I was fortunate enough to be invited down to Atlanta Motorsports Park for a day at the Lexus Performance Driving School. After showing up to track at the crack of dawn, I spent the next nine hours getting a feel for the Lexus performance lineup. Here's a breakdown of the day's events.
After a quick breakfast, the event's participants were herded into a meeting room. There, Lexus drivers gave the group the rundown on driving lines, brake zone, apexes, and weight transfer, as well the capabilities of the cars that we would be driving. Recently retired racing driver Scott Pruett was then brought up to give the green light for the day's events.
Track Time in the LC500
After Scott's pep talk, my group was escorted to a group of about a million dollars worth of LC500s lined up in pit lane. We put on our helmets, picked our cars, and followed an instructor out onto the track. It was basically an expensive game of follow the leader.
The Lexus driver in front set a casual pace with the cars behind him doing their best to ape his driving line. The apexes and braking zones of the Atlanta Motorsports course were clearly marked by cones, taking out most of the guesswork of driving on an unfamiliar track. After the morning's warm-up, we were allowed to push the cars much harder in the afternoon session.
Initially, I was a bit nervous that the 470-horsepower and 4,300-pound LC500 would be a handful in sharp corners. It only took a couple laps to completely dispel that fear. The 275 millimeter wide Pilot Super Sport tires, combined with four-wheel steering, give the LC an unbelievable amount of front-end grip.
While the Lexus instructors were adamant that we left driver assists on, I can only recall the stability management light coming on once during my track time. For a car that was designed as a grand tourer, it's amazing how hard the LC500 can corner, and it inspires confidence in an unfamiliar driver almost immediately.
The only negative point I can make about the LC is its transmission. On track, I barely used half of the gears available in the 10-speed auto. Using the steering-wheel-mounted paddles, I found both up and downshifts to come quickly and smoothly, when they did come. The transmission tries a little too hard to babysit the driver. Any downshifts attempted outside of the computer's approved rev range will be met with nothing but a discouraging beep. I don't think my skill level was the deciding factor, as I also noticed pro driver Scott Pruett being denied shifts.
As for the course, I think Atlanta Motorsports Park is good for beginners. The track isn't really fast enough to get into to much trouble, but there are a lot of elevation changes to keep things interesting. At the end of the back straight, the LC500's HUD indicated about 95 miles per hour. The trickiest part of the course is turn one. The driver has to brake hard coming off the straightaway and hook left about 120 degrees as they make their way downhill.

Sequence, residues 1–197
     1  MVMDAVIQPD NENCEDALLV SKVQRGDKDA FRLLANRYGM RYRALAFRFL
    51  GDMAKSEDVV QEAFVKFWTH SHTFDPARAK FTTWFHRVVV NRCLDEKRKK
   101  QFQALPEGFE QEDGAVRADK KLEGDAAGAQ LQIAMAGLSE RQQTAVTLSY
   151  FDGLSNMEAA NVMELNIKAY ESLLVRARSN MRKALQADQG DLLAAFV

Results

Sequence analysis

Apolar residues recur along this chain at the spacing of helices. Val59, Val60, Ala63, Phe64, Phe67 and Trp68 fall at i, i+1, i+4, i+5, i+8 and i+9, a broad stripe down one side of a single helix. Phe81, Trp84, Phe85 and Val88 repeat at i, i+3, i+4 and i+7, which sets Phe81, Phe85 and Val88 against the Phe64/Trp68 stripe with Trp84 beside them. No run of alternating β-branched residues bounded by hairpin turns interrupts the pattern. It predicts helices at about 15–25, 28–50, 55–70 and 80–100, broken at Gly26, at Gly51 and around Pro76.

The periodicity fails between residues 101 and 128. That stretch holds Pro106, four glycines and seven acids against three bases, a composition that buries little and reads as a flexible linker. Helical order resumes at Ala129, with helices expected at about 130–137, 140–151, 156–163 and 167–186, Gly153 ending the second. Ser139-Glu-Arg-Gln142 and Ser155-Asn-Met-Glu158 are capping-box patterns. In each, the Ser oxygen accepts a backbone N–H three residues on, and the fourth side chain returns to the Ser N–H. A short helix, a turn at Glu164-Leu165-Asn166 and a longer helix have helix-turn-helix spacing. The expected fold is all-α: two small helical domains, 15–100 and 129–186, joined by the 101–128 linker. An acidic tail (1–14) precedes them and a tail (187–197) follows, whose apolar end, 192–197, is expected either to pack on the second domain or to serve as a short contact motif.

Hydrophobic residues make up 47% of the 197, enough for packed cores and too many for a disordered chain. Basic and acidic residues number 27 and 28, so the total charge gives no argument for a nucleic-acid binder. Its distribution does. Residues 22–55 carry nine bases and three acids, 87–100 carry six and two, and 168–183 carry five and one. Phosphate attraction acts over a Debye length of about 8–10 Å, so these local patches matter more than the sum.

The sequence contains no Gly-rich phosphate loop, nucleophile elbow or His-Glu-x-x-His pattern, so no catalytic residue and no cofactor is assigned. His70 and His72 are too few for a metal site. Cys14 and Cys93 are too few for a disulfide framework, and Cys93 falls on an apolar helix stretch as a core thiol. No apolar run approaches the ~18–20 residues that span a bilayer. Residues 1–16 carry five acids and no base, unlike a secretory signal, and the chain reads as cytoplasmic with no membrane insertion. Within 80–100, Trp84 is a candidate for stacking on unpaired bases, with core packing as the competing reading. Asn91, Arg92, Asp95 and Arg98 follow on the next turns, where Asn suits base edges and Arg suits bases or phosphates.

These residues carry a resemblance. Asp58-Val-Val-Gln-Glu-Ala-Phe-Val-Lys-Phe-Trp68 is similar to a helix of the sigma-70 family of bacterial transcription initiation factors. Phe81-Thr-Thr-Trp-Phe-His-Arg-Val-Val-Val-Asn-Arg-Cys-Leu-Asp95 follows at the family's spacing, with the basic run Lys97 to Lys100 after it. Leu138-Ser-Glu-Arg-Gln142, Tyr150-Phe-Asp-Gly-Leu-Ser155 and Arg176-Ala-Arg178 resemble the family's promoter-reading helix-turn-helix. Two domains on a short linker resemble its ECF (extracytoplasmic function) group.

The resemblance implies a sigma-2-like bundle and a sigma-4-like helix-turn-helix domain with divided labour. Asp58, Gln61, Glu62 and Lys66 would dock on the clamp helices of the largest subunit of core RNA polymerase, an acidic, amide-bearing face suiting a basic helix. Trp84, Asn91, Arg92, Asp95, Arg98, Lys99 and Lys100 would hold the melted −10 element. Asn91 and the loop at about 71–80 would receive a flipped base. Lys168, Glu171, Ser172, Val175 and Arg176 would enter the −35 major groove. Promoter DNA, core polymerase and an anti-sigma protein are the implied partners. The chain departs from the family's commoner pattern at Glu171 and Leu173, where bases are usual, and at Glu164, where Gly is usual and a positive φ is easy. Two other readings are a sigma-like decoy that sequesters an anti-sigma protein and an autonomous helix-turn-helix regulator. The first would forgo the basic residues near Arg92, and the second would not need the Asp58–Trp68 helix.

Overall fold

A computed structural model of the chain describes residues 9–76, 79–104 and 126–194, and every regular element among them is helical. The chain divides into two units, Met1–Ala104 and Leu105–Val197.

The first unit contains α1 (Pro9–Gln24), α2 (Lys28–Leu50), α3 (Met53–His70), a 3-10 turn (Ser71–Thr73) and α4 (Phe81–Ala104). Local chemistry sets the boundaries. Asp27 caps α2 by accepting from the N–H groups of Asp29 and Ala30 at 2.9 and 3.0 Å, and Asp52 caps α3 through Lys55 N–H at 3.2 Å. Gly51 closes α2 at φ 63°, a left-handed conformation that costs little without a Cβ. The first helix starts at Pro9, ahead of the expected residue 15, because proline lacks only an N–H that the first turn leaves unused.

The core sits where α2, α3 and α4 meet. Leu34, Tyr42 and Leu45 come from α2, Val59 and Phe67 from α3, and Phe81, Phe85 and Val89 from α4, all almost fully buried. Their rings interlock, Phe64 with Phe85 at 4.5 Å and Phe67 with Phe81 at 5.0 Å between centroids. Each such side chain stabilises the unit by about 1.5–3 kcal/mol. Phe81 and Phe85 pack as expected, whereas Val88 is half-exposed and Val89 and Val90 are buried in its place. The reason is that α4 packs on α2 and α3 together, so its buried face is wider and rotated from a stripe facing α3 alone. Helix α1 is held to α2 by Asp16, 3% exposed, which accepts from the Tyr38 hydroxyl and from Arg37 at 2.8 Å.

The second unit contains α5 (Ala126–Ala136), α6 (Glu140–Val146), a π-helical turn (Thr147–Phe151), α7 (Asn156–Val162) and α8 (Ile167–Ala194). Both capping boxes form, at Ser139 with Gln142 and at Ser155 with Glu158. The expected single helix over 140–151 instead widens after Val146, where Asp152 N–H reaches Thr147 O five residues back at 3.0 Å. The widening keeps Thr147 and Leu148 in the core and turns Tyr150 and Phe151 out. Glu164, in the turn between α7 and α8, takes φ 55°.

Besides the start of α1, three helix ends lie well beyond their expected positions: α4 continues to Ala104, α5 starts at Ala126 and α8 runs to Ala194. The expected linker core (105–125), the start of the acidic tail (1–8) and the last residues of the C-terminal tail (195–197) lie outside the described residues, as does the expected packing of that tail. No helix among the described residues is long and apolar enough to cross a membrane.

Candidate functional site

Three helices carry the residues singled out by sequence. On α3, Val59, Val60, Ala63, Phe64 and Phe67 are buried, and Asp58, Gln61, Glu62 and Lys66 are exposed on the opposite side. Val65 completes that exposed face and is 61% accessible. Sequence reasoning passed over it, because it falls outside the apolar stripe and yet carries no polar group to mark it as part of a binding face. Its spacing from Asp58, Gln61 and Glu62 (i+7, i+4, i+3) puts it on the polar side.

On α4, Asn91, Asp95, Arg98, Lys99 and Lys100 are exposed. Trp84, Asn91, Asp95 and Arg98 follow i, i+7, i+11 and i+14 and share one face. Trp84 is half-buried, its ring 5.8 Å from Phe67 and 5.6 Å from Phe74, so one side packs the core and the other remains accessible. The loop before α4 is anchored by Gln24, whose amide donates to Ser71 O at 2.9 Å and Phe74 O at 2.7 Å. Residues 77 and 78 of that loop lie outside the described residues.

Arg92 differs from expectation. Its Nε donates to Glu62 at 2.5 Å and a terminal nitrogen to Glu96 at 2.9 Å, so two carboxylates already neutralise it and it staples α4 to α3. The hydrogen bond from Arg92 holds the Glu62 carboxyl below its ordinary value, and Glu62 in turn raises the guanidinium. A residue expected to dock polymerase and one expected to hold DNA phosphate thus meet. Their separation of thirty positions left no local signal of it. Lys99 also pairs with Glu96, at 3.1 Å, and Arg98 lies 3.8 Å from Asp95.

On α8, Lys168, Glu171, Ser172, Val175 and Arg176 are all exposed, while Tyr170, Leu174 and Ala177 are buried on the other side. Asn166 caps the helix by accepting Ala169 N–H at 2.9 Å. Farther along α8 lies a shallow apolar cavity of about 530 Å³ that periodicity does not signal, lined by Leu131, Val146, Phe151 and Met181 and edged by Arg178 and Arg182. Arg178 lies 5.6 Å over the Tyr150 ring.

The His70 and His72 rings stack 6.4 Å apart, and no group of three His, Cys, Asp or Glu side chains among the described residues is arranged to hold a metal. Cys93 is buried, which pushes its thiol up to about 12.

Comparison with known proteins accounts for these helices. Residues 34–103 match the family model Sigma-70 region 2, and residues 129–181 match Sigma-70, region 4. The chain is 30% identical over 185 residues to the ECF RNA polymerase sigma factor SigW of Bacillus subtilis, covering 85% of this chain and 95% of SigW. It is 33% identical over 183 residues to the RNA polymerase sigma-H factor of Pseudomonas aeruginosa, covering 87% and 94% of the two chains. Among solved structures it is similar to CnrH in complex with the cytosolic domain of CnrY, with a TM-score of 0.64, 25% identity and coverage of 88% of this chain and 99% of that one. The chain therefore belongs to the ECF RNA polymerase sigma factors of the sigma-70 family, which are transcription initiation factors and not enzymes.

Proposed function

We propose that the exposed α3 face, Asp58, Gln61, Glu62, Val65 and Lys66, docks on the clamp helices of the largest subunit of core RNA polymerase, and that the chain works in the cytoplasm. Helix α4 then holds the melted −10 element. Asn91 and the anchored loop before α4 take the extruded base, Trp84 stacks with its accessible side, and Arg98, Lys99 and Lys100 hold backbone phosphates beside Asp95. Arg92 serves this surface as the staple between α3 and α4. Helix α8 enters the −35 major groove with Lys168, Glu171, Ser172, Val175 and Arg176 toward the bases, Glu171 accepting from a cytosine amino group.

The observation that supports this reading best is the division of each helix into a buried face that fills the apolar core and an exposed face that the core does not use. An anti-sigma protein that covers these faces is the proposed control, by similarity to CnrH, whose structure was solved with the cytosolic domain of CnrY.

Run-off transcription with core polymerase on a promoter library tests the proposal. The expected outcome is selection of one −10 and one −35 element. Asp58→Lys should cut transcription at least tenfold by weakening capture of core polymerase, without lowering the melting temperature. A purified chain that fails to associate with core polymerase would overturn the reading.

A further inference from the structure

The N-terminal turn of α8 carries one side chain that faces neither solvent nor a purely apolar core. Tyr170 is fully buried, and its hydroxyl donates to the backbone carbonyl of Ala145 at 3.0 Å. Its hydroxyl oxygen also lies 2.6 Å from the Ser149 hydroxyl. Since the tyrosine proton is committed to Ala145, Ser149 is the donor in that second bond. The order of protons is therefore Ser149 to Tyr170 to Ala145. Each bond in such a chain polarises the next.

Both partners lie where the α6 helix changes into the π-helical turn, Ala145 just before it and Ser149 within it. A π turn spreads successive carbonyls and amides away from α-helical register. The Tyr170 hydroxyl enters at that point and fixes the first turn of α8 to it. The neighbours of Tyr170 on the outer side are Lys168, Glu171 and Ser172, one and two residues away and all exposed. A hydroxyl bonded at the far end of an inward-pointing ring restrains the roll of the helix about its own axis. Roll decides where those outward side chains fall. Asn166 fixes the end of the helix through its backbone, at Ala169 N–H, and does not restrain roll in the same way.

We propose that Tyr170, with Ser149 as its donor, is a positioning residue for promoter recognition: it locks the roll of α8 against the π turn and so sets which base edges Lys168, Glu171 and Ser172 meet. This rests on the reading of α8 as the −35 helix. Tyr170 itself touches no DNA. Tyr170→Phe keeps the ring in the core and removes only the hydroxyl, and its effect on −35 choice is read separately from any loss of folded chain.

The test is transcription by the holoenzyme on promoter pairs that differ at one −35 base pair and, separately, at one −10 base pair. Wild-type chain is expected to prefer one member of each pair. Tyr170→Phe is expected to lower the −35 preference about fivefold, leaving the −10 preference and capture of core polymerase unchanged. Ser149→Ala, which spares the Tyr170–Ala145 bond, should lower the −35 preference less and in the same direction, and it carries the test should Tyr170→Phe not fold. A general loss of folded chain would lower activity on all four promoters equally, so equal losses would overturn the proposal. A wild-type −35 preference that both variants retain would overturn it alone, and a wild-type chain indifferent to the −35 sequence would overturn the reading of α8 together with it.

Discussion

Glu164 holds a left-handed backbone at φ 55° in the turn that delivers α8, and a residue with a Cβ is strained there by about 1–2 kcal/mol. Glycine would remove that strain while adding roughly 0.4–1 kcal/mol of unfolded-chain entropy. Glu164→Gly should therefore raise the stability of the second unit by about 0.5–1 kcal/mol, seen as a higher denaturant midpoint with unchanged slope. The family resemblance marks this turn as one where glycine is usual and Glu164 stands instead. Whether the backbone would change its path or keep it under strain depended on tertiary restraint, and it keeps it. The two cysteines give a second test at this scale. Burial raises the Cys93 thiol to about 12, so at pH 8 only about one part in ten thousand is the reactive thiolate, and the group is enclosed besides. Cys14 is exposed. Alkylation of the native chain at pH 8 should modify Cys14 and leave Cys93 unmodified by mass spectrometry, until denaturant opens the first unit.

Drifting the RC F
Atlanta Motorsports Park features a fairly large skid-pad, complete with a sprinkler system to make its surface as slippery as possible. To make breaking the rear tires as easy as possible, participants also kept the RC F in first gear, with stability and traction control all the way off. As many a Mustang driver learns, having a lot of power does not magically turn you into Ryan Tuerck. Initially, my time on the skid-pad was spent spinning in circles. After an instructor gave me the advice to keep an eye on the cone that I was sliding around, drifting became a bit easier. By the final session, I was able to chain a couple slides together and maneuver the RC F around a figure eight.
Autocross in the GS F
The third task in the Lexus Performance School was navigating a GS F sedan through an improvised course of chalk and cones. For this event, the cars were set up with "slalom mode," which tunes the rear differential to respond to quick left-right movement. Although I barely hit 40 miles per hour on the autocross course, I had a total blast. The GS F lacks the LC500's super-powered grip, making for some tire squealing understeer at the limit. All the fun was in finding the balance between the car's power and tires. After a total of eight tries, my fastest time around the autocross was about 24 seconds, with the best times being in the 21-second range.
Hot Laps with Scott Pruett
By the end of my track session, I thought I was hot stuff, but riding along with a 24 Hour of Le Mans winner quickly put me back in my place. Scott was able to wring more performance out of the LC500 than I could ever dream of. Turns that I was taking in second gear, he blew through in fourth, all while making casual conversation. Despite the huge step up in speed, I had a pretty comfortable time in the right seat. Scott's skill and demeanor could inspire confidence in even the most nervous passenger.
Overall, I'd say the Lexus Performance School is a great way to get for beginners to get experience on the track. At $895 for the full-day package, the price is on the steep side, but it's a good value for the amount of track time that the customer gets. At a regular track day, a participant would have to pay a few hundred dollars and cover the costs of their own vehicle. For a bit more, Lexus gives you a selection of cars to beat on, guilt-free. If you're interested in all that, check out the Lexus Performance website for an event near you.